Trying to make a person’s problems seem smaller than they are is called minimizing. While I think it often is done in an effort to distract the person who is suffering from their problems. But it doesn’t make the pain problem go away.

When a person with chronic pain is told to “Just relax” or that “Everything is fine,” they hear, “Your problems are not that big of a deal.” After hearing that for a while, it might even turn into, “I don’t really care that you are in pain.”

It can also leave the person thinking that they are even more broken because they can’t handle what is apparently “no big deal.”

Instead of minimizing, try to listen and understand what they are experiencing. Once again, validation is key. Help them to know that you believe that their problem is real.

Just relax! You will be fine.

Phrase #4: “It could be worse.”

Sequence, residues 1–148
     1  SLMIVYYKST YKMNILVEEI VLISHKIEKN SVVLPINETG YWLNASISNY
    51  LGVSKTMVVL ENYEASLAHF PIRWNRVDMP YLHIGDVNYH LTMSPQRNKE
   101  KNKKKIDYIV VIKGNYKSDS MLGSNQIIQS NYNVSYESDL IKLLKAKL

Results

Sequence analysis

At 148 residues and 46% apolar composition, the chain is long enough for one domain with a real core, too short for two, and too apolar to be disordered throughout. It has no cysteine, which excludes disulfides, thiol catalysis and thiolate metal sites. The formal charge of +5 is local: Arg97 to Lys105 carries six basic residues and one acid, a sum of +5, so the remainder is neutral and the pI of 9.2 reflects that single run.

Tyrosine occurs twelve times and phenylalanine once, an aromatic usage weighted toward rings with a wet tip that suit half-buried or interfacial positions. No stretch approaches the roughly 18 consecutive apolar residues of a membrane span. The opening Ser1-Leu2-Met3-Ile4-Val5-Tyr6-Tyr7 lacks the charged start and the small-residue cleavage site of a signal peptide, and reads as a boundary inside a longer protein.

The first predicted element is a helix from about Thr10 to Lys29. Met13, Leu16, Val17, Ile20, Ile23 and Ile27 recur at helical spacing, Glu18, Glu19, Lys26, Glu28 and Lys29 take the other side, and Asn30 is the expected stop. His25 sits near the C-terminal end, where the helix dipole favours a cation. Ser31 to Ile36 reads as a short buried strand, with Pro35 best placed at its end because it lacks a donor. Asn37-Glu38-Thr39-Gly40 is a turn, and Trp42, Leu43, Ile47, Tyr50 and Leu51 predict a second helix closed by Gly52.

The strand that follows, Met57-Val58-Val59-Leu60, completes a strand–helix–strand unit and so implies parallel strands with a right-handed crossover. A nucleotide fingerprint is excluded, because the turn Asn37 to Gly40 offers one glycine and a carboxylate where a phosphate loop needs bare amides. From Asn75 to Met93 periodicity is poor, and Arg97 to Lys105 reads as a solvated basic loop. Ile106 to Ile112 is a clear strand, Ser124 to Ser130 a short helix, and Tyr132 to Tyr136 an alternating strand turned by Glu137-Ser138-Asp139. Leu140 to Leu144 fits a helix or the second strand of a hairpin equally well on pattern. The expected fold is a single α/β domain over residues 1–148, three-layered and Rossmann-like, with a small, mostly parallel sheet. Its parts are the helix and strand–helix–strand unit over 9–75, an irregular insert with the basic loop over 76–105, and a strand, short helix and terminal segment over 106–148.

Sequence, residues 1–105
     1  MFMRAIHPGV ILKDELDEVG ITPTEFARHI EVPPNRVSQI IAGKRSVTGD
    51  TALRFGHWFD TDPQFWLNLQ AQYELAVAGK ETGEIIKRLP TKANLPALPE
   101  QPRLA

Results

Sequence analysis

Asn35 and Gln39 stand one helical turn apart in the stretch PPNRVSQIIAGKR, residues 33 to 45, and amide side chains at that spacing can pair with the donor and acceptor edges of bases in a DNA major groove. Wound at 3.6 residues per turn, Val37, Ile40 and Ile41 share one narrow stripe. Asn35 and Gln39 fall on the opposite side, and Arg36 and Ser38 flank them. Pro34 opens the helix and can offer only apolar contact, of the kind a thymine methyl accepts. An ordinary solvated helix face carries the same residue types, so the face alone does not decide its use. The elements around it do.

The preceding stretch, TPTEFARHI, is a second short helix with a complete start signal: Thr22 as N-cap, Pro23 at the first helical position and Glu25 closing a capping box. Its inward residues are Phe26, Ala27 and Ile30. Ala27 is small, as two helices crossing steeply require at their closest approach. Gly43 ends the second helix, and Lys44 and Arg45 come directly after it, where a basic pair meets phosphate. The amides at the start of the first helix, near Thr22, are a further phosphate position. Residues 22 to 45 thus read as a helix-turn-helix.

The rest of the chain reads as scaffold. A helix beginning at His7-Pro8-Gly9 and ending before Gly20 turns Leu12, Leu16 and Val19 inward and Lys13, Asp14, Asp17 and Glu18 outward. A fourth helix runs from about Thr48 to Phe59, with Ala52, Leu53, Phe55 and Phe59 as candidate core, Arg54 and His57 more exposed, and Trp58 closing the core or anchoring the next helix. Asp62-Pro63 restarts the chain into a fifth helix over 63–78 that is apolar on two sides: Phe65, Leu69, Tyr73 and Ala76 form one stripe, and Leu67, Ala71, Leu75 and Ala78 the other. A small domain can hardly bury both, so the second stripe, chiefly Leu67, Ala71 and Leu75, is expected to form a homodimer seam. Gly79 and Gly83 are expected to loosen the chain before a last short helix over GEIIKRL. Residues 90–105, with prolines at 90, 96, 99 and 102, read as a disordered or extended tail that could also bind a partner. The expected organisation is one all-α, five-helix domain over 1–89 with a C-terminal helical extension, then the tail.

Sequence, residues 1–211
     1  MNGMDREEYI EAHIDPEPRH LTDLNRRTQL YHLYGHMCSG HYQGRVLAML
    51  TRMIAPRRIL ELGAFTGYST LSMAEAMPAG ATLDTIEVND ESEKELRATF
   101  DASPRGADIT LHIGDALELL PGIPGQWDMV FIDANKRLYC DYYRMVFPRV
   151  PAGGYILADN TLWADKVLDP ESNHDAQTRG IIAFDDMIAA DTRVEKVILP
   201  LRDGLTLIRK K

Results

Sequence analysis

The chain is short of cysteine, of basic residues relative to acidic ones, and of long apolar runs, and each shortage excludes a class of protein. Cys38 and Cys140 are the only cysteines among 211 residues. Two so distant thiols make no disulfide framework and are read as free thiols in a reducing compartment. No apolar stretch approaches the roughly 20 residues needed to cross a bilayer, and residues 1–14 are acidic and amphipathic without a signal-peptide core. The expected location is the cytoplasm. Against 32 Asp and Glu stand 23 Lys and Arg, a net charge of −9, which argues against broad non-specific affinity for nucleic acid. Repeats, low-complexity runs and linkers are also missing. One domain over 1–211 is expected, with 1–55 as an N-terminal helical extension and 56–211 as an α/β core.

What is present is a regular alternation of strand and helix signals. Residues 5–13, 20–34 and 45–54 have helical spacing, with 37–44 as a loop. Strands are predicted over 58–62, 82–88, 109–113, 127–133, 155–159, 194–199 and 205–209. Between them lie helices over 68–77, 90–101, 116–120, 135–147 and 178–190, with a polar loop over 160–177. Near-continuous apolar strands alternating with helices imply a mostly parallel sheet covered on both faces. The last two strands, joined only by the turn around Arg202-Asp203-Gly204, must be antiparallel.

The goal of this phrase, whether intentional or not, is to use the apparently greater suffering of one person to minimize the suffering of another. The thought is that by placing these two situations side by side, the listener will see that their problems are small by comparison, which will then distract them from their own problems.

Unfortunately, it doesn’t work that way. True, it may have temporary success, but ultimately, the person still has the same problems.

Instead of comparing, try and understand how their condition impacts them specifically. Ask them what parts of their life are the most difficult and offer to help where you can. This will help them feel supported and understood.